Exploring the efficiencies of using competitive tenders over fixed price grants to protect biodiversity in Australian rangelands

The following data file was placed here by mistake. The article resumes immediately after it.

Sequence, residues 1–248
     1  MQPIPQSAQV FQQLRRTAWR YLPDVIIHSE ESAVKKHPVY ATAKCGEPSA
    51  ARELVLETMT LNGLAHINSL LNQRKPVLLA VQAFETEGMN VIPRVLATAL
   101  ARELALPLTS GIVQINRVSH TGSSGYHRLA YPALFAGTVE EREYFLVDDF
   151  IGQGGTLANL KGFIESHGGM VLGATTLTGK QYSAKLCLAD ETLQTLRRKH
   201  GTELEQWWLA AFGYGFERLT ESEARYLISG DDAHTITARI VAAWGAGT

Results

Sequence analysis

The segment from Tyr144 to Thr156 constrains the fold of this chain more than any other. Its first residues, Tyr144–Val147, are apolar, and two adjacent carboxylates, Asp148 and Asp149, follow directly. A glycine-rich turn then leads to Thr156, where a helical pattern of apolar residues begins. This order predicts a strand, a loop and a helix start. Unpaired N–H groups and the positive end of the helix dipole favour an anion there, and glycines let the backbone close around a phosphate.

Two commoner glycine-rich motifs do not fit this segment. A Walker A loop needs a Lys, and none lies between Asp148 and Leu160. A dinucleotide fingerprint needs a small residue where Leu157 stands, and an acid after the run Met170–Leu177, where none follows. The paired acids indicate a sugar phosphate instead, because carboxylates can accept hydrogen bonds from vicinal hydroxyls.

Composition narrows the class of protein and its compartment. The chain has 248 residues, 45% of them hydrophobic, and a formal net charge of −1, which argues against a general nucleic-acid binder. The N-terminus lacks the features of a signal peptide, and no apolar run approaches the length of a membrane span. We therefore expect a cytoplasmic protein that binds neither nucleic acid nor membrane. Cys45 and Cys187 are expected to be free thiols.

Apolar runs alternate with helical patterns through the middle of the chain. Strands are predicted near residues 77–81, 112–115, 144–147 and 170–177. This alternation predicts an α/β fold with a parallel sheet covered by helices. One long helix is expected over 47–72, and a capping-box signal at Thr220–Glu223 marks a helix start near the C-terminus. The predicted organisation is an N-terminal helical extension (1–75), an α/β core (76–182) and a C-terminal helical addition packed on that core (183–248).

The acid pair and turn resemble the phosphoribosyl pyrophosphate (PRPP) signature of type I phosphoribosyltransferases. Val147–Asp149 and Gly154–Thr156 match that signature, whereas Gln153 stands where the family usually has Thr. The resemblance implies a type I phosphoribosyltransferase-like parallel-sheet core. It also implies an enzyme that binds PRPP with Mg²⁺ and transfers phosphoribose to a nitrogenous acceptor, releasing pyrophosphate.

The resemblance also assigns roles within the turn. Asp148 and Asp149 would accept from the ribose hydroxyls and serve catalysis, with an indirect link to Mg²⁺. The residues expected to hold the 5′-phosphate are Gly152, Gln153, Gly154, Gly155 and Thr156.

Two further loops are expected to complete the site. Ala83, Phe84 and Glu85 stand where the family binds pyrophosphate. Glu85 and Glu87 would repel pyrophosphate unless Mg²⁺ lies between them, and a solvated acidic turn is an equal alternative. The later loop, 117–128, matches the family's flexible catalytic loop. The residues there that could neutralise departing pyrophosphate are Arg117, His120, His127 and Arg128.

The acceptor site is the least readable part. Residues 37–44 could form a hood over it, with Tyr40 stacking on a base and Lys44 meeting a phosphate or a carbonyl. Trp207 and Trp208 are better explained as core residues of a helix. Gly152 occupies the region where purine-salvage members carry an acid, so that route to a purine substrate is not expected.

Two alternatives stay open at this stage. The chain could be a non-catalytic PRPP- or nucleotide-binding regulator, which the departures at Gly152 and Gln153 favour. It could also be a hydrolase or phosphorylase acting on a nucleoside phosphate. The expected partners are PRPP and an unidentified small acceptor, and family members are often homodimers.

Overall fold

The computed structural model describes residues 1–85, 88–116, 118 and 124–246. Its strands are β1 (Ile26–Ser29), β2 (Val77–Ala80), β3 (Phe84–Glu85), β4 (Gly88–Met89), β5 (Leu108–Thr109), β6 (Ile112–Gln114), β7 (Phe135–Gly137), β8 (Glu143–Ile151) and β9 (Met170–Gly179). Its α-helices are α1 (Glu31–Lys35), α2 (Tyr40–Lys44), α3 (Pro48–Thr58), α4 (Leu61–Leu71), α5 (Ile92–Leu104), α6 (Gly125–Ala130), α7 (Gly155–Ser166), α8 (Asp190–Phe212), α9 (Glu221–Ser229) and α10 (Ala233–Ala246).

In rangeland areas, improved biodiversity management can be achieved by changing the financial incentives facing land managers. Competitive tenders and fixed price grants can both be applied to achieve the same environmental outcomes. In the case study described in this paper, the efficiencies of the two methods are compared. Operationally, the two mechanisms are similar in both cost and process. Both mechanisms have very important indirect benefits of building skills and knowledge in both landholders and the implementing agency, and building trust between the two. However, the heterogeneity in landholders’ opportunity costs revealed in the competitive tender trial means a discriminatory price mechanism is more efficient at matching program costs with direct environmental benefits. In terms of transfer payments, the competitive tender was 30% more cost efficient than a fixed price grant scheme. While the initial design and development costs of a tender may be greater than a grant, there was no evidence of any difference in operating costs in this case study. There was also little evidence of any indirect costs associated with the tender process, but it may be too early to make a realistic assessment.